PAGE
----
The poet Gwendolyn Brooks, whose birthday is June 7, is celebrated in the CSO for Kids video "Exquisite."
“Poetry is life distilled,” declared the poet Gwendolyn Brooks (1917-2003), one of the greatest exponents of that art form. Her legacy is celebrated in the picture book Exquisite, which showcases her determination to write poetry from an early age. Exquisite also is the focus of the latest CSO for Kids release, now streaming for free on CSOtv.
Written by Suzanne Slade and illustrated by Cozbi A. Cabrera, Exquisite follows Brooks from adolescence into adulthood as it explores the intersections of race, gender and socioeconomic status, all with a lyrical touch worthy of the subject.
Ahead of her birthday on June 7, here are some salient points to remember about the life and legacy of Gwendolyn Brooks:
A life of firsts: In 1950, Brooks became the first Black author to win the Pulitzer Prize. She was poetry consultant to the Library of Congress — the first Black woman to hold that position. And she also was the first woman and Black author to serve as poet laureate of the State of Illinois, from 1968 until her death in 2000.
A citizen of Chicago: Though born in Topeka, Kan., Brooks considered the Windy City, where she moved as an infant with her parents, her home. "The innovation, strength, struggle and vision of [Chicago's] black residents gave her a backdrop and context for all that would interest her in her work," according to one early account of Brooks' poems. She titled her first collection of poems A Street in Bronzeville, after the South Side neighborhood that was so critical to her artistic development. A Chicago Tribune review hailed "the publication of A Street in Bronzeville [as] an exceptional event in the literary life of Chicago, for it is the first book of a solidly Chicago person.”
An early start: Brooks was 13 when her first published poem, “Eventide,” appeared in the magazine American Childhood; by the time she was 17, she was publishing poems regularly in the newspaper the Chicago Defender.
An advocate for social justice: Rooted in the African-American experience, her poems eloquently addressed the issues of social injustice and inequality. "Anything that I write," she once said, "is going to issue from a concern with and interest in blackness and its progress.”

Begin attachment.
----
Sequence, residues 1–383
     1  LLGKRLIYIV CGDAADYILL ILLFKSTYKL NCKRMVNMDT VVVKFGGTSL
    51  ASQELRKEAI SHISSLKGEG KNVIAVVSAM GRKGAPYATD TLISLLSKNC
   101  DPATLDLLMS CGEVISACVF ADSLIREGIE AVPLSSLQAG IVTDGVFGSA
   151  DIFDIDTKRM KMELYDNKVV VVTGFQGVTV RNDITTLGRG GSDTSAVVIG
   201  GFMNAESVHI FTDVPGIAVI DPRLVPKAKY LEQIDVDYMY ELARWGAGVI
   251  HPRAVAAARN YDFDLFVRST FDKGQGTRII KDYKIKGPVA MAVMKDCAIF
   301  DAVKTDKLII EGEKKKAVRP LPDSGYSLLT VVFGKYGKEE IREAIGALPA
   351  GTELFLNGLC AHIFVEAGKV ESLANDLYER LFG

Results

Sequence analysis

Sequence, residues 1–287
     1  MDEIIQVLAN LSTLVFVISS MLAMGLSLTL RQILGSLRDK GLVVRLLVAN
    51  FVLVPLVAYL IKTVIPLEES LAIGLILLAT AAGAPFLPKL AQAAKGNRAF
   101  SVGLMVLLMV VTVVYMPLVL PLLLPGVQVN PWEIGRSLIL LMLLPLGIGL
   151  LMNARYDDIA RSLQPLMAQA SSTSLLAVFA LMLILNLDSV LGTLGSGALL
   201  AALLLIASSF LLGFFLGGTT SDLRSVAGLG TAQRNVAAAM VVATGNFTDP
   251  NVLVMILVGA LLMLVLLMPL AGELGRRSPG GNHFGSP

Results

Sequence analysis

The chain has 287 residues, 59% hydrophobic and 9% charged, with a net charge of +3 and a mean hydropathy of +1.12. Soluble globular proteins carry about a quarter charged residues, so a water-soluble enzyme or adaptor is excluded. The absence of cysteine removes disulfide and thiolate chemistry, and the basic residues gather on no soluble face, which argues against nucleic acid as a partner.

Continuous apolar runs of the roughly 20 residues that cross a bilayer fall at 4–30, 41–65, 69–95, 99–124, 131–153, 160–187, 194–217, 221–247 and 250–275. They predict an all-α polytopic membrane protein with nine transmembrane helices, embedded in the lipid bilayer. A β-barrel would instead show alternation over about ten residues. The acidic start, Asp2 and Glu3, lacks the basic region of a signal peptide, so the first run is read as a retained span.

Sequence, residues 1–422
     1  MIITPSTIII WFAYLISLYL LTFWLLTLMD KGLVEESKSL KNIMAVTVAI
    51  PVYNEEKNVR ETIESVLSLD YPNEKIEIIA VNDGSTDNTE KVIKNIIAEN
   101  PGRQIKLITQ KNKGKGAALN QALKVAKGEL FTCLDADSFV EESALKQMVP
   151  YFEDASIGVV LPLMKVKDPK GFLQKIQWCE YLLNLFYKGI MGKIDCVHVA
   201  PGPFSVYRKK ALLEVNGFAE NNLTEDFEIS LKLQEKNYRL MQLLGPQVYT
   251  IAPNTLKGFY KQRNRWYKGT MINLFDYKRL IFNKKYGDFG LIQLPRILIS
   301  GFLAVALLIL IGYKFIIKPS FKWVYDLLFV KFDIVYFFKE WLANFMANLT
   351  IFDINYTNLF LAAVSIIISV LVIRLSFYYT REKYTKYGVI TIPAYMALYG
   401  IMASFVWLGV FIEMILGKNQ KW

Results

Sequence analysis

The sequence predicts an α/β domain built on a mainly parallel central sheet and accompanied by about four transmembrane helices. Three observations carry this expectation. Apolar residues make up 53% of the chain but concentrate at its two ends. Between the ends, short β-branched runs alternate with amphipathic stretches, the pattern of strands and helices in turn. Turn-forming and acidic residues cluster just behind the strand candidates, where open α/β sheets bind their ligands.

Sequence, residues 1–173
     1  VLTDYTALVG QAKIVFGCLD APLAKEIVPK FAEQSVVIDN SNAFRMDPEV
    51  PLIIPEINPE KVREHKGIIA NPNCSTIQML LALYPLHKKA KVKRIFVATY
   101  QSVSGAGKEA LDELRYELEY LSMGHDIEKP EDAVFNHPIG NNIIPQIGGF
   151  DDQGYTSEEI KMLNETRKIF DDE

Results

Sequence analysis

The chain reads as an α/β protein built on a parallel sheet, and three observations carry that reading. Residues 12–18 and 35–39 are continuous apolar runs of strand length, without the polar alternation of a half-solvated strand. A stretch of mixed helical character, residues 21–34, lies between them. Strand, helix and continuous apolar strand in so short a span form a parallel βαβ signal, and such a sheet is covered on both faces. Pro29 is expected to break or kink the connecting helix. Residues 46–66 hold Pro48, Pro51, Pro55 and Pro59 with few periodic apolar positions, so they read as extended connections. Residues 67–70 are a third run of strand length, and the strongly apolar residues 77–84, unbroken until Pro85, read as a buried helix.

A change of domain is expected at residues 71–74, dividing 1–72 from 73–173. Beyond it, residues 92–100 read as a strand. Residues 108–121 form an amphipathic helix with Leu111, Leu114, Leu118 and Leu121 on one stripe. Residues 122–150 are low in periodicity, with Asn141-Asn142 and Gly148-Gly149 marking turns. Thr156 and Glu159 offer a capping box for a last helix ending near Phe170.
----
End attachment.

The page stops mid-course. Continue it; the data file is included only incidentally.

A mentor for young artists: Throughout her career, Brooks championed the cause of childhood literacy. Her efforts had an impact on a young Kanye West, who calls the poet "one of his favorite writers." When he was in grade school, West met Brooks at a dinner for local students. "Gwendolyn Brooks was there, and everyone was reading their poems," the hip-hop star recalled in a 2015 interview with Complex magazine. Brooks asked West if he a poem to read. He told her no, "but I can write one real quick." He excused himself, wrote a poem and then read it for her and his fellow students.
A Day of Gwendolyn: During a memorable 1986 lecture at the Library of Congress, which the poet's daughter dubbed "A Day of Gwendolyn," Brooks set forth her philosophy of creativity. "There is no one way to write poetry, because there is no one kind of life, nor death, nor view, nor credit, nor debit, nor proof, nor pride," said Brooks, quoting the English poet Gerald Manley Hopkins. Then in her own words, she added: "I want my life and language involved with what delights and deepens, with what encourages with what astounds and angers and nourishes and offends and extends. I want images and sound in combinations that best evoke, extend, remind, decree."
Note: BrooksDay, the annual celebration of the poet's life and legacy will be conducted via social media on June 7, her birthday. Each year, the Guild Literary Complex, a Chicago-based non-profit group, usually hosts a reading of her works with students, writers and other artists from Chicago's literary community. Due to the pandemic, the event will be virtual again in 2021. For details, please visit the group's Facebook page.